Making a homemade paddle

The other day I made some paddles, and took some pics of the very simple process. Paddles are easy to make, and really have a significant influence on the final look of the pot. You can buy them in various places, but what you get is fairly uninteresting compared with what you can produce on your own for next to nothing.

I first became interested in homemade paddles after looking at old Karatsu pots and pot shards. If I wanted to mimic those pots I was going to need similar tools.

In the first picture you can see the blanks to be used for the paddles. I had a pine branch laying around waiting for a chance to be useful. It is cut diagonally at about a 1″ thickness. If you cut vertically (rip), you will lose the interesting figure created by the growth rings. If you cross cut you will need a very large diameter log to cut blanks from to get the size paddle you need. Also the paddle will be very weak and easily broken. Cutting diagonally solves both problems giving you a strong paddle with interesting wood figure. This will later be reflected in the clay surface. Also, you can get a relatively large paddle from a small diameter branch.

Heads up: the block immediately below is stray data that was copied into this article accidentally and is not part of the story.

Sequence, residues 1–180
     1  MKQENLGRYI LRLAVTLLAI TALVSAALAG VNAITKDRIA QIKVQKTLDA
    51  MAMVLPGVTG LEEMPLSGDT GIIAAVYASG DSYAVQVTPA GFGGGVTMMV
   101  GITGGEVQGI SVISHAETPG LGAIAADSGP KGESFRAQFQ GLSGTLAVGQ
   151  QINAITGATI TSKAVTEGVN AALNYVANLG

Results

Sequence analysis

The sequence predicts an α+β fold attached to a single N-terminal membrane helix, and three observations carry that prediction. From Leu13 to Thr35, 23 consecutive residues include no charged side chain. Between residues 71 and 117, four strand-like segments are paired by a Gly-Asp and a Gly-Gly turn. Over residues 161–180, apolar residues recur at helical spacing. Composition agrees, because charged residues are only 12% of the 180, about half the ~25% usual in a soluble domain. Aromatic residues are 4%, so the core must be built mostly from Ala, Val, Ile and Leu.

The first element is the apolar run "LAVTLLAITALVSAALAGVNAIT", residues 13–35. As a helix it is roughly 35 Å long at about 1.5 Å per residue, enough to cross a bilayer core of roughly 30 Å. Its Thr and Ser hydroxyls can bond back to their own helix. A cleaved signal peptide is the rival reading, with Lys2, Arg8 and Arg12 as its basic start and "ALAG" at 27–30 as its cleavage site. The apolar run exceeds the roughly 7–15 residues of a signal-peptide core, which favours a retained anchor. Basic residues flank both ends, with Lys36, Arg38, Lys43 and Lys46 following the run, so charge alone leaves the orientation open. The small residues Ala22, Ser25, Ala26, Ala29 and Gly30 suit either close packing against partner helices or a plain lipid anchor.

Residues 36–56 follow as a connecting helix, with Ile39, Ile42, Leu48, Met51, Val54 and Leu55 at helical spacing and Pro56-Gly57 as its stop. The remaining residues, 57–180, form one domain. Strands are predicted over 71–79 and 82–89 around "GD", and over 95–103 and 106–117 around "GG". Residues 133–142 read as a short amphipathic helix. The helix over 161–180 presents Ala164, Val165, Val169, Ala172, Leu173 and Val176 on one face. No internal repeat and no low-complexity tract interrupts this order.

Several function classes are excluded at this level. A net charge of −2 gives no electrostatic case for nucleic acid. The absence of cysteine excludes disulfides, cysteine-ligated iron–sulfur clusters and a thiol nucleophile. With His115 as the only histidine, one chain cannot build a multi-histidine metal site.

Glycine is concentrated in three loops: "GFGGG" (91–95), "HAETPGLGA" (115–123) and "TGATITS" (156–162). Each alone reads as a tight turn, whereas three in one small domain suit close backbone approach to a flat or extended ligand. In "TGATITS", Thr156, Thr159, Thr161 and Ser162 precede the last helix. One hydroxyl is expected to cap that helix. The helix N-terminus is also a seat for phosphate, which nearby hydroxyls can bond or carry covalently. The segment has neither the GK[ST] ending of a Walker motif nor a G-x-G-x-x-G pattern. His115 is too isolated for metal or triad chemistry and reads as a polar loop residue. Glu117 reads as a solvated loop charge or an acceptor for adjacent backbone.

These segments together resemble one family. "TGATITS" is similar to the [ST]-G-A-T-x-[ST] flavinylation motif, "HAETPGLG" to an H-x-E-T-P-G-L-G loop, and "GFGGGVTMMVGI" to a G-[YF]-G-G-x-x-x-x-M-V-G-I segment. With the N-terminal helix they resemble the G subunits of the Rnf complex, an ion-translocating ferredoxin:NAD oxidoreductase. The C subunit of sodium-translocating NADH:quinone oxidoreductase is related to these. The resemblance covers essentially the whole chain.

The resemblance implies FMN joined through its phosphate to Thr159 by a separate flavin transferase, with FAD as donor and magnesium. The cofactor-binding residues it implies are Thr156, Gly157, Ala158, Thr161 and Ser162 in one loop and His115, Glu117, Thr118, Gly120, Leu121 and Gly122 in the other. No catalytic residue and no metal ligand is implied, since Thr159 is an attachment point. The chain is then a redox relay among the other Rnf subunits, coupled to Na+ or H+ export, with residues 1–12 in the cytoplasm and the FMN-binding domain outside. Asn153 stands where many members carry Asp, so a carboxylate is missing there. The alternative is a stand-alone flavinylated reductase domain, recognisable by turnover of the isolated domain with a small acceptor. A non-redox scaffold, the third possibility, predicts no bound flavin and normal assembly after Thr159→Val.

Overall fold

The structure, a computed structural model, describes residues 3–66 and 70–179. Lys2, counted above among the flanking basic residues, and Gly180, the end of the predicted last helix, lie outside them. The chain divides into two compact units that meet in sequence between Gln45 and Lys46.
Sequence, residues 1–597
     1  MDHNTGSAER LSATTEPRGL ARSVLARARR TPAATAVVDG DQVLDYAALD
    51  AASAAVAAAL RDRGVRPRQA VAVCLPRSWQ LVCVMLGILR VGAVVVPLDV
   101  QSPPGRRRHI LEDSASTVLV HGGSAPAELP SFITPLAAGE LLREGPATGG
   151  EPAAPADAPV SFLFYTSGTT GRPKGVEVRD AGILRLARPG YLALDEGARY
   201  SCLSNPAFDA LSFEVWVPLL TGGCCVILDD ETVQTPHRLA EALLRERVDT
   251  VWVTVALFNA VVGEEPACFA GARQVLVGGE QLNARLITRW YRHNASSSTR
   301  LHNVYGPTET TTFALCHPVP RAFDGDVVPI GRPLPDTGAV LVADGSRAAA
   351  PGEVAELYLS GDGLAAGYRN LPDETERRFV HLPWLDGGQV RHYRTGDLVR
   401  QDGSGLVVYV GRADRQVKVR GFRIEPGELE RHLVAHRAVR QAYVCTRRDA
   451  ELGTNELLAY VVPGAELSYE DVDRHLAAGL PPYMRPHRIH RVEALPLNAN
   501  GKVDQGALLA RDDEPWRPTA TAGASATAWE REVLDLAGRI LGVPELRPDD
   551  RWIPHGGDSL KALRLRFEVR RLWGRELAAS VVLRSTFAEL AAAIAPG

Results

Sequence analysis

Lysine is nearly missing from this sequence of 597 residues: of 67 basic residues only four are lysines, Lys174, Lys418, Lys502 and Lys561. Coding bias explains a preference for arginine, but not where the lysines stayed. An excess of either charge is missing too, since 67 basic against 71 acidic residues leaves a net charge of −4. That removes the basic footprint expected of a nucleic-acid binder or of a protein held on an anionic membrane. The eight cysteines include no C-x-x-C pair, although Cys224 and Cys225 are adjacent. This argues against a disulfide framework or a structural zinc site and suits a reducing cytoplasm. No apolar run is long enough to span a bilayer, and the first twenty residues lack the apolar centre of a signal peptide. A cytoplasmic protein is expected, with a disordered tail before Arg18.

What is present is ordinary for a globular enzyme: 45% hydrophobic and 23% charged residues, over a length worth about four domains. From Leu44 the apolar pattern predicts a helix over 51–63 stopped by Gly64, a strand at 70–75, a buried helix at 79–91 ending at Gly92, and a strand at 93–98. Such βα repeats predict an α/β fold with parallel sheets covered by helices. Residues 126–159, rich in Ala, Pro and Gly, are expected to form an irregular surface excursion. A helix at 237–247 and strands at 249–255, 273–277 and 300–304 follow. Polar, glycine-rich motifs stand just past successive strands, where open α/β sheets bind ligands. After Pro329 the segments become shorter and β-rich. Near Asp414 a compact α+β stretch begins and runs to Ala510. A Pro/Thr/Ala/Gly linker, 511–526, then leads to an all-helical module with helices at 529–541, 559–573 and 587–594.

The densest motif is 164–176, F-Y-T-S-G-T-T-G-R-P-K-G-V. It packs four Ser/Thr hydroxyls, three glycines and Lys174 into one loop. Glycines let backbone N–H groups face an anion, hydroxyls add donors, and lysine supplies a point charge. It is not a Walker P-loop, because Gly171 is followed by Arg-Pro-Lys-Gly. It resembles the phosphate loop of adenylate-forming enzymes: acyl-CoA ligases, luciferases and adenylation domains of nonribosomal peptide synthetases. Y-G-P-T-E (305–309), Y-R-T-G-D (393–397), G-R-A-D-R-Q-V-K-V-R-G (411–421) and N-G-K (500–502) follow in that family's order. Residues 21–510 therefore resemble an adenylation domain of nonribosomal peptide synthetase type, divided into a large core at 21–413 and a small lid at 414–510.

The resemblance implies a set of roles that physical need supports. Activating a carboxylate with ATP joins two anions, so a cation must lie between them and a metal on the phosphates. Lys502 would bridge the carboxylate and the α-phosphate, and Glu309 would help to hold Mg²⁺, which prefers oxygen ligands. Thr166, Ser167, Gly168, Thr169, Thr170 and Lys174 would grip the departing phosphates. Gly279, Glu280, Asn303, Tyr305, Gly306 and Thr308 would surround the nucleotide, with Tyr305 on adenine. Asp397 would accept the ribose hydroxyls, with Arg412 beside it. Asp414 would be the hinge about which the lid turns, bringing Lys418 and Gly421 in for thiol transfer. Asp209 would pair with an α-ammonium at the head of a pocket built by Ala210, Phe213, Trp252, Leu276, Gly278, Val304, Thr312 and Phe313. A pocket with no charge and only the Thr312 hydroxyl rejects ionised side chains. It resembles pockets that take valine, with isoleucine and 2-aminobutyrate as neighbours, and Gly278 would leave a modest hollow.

Here are the blanks with outlines of paddles marked on them. I flare the base of the paddle handles because a tapered or straight handle tends to slip during use.

I used a benchtop bandsaw to cut the blanks out. You could use any saw really, it’s just a matter of speed.

Next get your trusty burner torch, and blacken the whole paddle. The burning will create texture in the paddle since the soft ring burn faster than the dense rings, leaving the dense rings raised. Also, it’s just fun playing with the torch, and the pine smells nice. The burning also rounds off sharp edges and corners making the paddle more comfortable to handle.